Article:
My five year high school reunion was this summer and I’m still having recurring nightmares about it.
I’ve been dreaming that something was wrong with my diploma and I needed to go back to those dusty, soul-draining halls.
I graduated college over a year ago and I still wake up terrified that I’m late for a final.
Last month, I got my yoga teacher certification and I’m having dreams that I still have homework to turn in.
I just can’t escape this feeling that I’m behind or that I’ve done something so wrong that it’s just not possible for me to reach my dreams.
During the daylight hours, I make lists. I have about three beside me on my desk even as I type this. They’re not just grocery lists, but they’re papers full of things I wish I’d done, need to do, and things I want to do if I have time after everything else is done.
But nothing ever gets done.
I’ll make more lists tomorrow and half of the stuff on it will have transferred over from today’s list.
Nothing is ever done.
Nothing is ever good enough.
Nothing is working for me.
I have all of these hopes and dreams, wishes and lofty goals. I wish I was debt-free and back on that beach in Nicaragua walking barefoot in the sand and watching the sky turn a dozen different colors as the sun set. I wish I was making someone smile. I wish I was changing the world. I wish I was jumping back in my Ashtanga practice like a ninja (aka, my teacher). I wish I could put both of my legs behind my head like Kino. I wish…
I wish my to-do list would stop yelling at me as I dream.
We all have expectations of how our lives should be. I have a five year plan, though I can honestly say that I am not anywhere near where I thought I’d be five years ago. So, why do I make those kind of lists?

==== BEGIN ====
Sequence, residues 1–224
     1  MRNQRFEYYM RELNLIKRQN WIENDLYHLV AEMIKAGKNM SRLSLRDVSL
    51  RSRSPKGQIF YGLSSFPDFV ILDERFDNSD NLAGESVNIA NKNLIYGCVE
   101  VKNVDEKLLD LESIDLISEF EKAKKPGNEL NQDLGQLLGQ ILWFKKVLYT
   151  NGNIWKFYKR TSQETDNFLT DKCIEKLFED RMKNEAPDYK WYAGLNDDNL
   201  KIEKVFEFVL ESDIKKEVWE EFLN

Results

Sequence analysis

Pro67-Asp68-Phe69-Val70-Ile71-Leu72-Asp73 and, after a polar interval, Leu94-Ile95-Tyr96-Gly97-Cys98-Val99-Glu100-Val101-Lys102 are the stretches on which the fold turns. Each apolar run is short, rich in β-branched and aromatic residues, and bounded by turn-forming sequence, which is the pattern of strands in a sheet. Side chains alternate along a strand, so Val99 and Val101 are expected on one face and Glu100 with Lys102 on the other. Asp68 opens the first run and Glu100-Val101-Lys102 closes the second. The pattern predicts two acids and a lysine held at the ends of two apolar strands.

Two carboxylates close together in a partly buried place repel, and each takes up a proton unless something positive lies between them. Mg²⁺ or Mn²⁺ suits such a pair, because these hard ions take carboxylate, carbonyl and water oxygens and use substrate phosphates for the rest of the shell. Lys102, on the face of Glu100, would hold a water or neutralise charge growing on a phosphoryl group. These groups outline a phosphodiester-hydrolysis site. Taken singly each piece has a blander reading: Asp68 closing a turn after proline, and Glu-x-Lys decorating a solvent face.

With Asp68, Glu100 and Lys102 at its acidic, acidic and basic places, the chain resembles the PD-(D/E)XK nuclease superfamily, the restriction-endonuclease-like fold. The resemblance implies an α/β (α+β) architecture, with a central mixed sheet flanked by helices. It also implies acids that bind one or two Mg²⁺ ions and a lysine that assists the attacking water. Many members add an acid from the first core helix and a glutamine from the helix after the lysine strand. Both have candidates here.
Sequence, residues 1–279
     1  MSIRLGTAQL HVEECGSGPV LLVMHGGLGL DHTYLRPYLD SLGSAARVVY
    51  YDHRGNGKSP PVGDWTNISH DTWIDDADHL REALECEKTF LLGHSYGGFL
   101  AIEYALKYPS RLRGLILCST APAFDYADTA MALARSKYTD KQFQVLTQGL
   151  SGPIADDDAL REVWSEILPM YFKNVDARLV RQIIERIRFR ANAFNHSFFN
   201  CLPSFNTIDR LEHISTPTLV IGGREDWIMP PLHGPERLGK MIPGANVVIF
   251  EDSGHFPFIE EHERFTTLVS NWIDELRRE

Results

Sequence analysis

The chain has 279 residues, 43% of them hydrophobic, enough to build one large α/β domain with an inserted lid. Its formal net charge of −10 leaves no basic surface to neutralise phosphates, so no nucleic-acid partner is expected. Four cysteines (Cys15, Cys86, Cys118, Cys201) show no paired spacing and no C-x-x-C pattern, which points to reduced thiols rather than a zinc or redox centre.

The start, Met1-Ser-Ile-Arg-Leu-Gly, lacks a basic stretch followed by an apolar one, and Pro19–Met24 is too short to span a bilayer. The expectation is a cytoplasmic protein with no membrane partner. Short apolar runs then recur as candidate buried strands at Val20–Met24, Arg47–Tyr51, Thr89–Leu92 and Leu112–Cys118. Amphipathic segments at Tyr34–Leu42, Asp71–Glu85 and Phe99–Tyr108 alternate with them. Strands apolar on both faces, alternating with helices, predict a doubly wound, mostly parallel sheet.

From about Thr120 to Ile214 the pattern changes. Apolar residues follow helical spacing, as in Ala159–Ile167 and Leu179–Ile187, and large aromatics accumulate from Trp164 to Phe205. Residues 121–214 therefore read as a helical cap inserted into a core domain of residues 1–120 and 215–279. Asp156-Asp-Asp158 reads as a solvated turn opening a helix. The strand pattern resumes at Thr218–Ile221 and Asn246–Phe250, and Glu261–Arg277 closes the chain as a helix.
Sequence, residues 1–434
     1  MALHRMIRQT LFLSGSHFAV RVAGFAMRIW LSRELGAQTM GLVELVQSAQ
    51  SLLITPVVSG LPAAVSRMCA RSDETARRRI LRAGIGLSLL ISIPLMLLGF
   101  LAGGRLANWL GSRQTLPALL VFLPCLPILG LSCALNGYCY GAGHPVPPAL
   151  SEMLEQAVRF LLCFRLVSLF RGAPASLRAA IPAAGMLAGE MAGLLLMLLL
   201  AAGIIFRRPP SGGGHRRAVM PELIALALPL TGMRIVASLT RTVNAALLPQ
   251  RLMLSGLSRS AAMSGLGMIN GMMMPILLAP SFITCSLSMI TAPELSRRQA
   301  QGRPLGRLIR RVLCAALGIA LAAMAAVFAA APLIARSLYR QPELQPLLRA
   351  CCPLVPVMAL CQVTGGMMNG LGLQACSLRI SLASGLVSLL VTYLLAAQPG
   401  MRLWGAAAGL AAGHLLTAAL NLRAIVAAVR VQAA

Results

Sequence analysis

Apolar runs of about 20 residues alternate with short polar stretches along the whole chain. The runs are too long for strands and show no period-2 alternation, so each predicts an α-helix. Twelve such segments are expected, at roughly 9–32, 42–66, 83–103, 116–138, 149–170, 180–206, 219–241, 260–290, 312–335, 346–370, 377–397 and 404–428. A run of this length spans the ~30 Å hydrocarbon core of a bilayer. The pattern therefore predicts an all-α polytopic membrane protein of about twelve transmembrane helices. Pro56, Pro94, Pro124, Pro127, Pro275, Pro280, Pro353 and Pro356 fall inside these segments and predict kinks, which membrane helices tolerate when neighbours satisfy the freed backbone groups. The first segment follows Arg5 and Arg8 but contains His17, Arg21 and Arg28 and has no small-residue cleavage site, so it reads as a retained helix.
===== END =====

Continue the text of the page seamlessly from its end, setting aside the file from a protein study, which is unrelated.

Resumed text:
We change our minds about what we want.
We get injured or sidetracked or inspired to do something new or crazy—like going to Nicaragua to get our yoga teacher training instead of a boring office job.
We have expectations.
We have dreams.
But, none of it really matters.
So, please tell me, why do I make these lists?
Please, I’m begging you, take away my pen and paper to stop me from making more.
I have those dreams about failing or being late, because I truly believe that I am running behind.
I am not where I should be at this point in my life. And, if I’m being honest, part of me thinks I’m running in no real direction. I’m just going in circles—or worse, I’m stuck in one spot.
But I’m not.
Logically, I know I’m not.
I’ve traveled to many different countries. I’m certified to do what I love most. I have a roof over my head, food to eat, and a dog to hug. I may not be winning a Nobel or making a lot of money, but I make people smile. At the very least, I hope I’m making people think. What more could I ask for?
We can’t get the important things in life—the things that matter—from checking off anything on a list, anyway.
We can only get the important things in life—the things that matter—when we actually experience them.
Expectations are set in the future.
Our [perceived] failures are set in the past.
Life is now.
So let’s forget the list and go live.
Author: Stacy Porter
Editor: Khara-Jade Warren
Images: Authors’s own